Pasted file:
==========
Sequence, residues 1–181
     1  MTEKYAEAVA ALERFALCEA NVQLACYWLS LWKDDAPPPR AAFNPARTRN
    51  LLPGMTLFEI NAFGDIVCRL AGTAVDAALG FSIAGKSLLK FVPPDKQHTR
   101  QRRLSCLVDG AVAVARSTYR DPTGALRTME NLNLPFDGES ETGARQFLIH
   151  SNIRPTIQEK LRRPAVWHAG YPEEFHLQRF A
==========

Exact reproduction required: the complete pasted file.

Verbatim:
Sequence, residues 1–181
     1  MTEKYAEAVA ALERFALCEA NVQLACYWLS LWKDDAPPPR AAFNPARTRN
    51  LLPGMTLFEI NAFGDIVCRL AGTAVDAALG FSIAGKSLLK FVPPDKQHTR
   101  QRRLSCLVDG AVAVARSTYR DPTGALRTME NLNLPFDGES ETGARQFLIH
   151  SNIRPTIQEK LRRPAVWHAG YPEEFHLQRF A